With his five successive novels and his wide-ranging philosophical and occasional essays, Walker Percy shored up his reputation as one of America's greatest writers - an ironic moralist and perhaps the shrewdest chronicler of life in the New South. Yet even by the time of his death in 1990, little was known about this intensely private man. Based on extensive interviews, written with access to Percy's letters and manuscripts, Jay Tolson has fashioned the first major biography of the writer, an authoritative portrait that brings Percy alive as it illuminates his distinguished body of work. We see Percy's life and his brilliant career against the background of the American South, whose colorful and tragic history is rooted deeply in the hearts and minds of its most talented sons and daughters. With a novelist's eye for character and the judgment of an informed critic, Tolson captures the lifelong drama of genius, always attentive to its artistic, psychological and spiritual dimensions. Percy was the scion of a proud, honorable and accomplished family, a clan haunted by a crippling streak of melancholy that issued repeatedly in suicides, including the self-inflicted deaths of Walker Percy's father and grandfather. Tolson depicts the struggle of Percy's life and the heroism with which he battled his family demons (and his own tubercular condition) and worked his way toward a writing career. Here is the young Percy in the days after his father's death, traveling with his brother and his mother (who would soon dieherself, in mysterious circumstances) from his childhood home of Birmingham, Alabama, to Athens, Georgia, and then on to Greenville, Mississippi, and the sprawling house of his Uncle Will. Adopted at 16 by this remarkable "bachelor-poet-lawyer-planter, " the most important single influe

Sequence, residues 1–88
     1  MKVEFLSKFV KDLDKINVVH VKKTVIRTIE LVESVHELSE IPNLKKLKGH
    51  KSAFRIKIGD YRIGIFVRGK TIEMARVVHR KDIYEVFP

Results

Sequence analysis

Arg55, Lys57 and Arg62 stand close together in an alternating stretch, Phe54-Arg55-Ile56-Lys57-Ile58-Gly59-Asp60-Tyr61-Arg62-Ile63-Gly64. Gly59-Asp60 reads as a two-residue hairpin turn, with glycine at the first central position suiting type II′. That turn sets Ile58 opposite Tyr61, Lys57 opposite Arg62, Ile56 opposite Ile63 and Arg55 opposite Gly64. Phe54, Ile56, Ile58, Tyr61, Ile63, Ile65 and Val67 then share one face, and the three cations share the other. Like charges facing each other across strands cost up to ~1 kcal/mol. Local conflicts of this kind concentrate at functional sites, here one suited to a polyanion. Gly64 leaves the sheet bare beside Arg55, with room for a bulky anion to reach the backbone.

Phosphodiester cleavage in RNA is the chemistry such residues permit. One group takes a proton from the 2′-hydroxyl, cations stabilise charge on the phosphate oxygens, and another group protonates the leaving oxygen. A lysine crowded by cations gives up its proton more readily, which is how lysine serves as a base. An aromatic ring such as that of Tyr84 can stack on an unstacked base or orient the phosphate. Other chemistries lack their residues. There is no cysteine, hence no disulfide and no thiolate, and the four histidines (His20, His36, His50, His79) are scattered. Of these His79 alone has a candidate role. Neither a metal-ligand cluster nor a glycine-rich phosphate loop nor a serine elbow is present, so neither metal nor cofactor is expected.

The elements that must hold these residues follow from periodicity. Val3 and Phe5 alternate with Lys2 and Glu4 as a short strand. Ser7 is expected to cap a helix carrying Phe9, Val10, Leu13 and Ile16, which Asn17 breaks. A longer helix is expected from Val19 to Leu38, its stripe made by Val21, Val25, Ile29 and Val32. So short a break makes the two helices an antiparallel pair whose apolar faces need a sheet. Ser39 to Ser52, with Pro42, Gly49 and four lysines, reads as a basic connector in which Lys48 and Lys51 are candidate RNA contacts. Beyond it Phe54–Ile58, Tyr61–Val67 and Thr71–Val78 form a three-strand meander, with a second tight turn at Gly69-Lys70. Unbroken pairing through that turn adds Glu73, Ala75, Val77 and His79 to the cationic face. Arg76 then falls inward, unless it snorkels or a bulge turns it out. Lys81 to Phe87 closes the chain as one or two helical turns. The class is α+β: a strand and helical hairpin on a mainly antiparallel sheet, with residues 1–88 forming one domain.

Ardent Spirits: Leaving Home, Coming Back

Reynolds Price - 2009
     He gives often moving, and frequently comic, portraits of his great teachers in England -- such men as Lord David Cecil, Nevill Coghill, and W. H. Auden, who was the most distinguished English-language poet of those years. In London the poet and editor Stephen Spender becomes his first publisher and a generous friend who introduces him to rewarding figures like the essayist Cyril Connolly and George Orwell's encouraging widow, Sonia. He spends rich months traveling in Britain and on the Continent; and above all he undergoes the first loves of his life -- one with an Oxford colleague whom he describes as a "romantic friend" and another with an older man. Back in the States, in his first class at Duke he meets a startlingly gifted student in the sixteen-year-old Anne Tyler; and he soon combines the difficult pleasures of teaching English composition and literature with his own hard delight in learning to write a first novel. At the end of three lonely years, he completes the novel -- A Long and Happy Life -- and returns to England for a fourth year before his novel appears in Britain and America and meets with a success that sets the pace for an ongoing life of fiction, poetry, plays, essays, and translations (Ardent Spirits is his thirty-eighth volume). The droll memories recorded here amount to the unsurpassed -- and, again, often comical -- story of a writer's beginnings; and the young man who emerges has proven his right to stand by his fellows of whatever sex and goal. Ardent Spirits is a book that penetrates deeply into the life of a writer, a teacher, and a steadfast lover.

The French Revolution and Napoleon

Charles Downer Hazen - 1917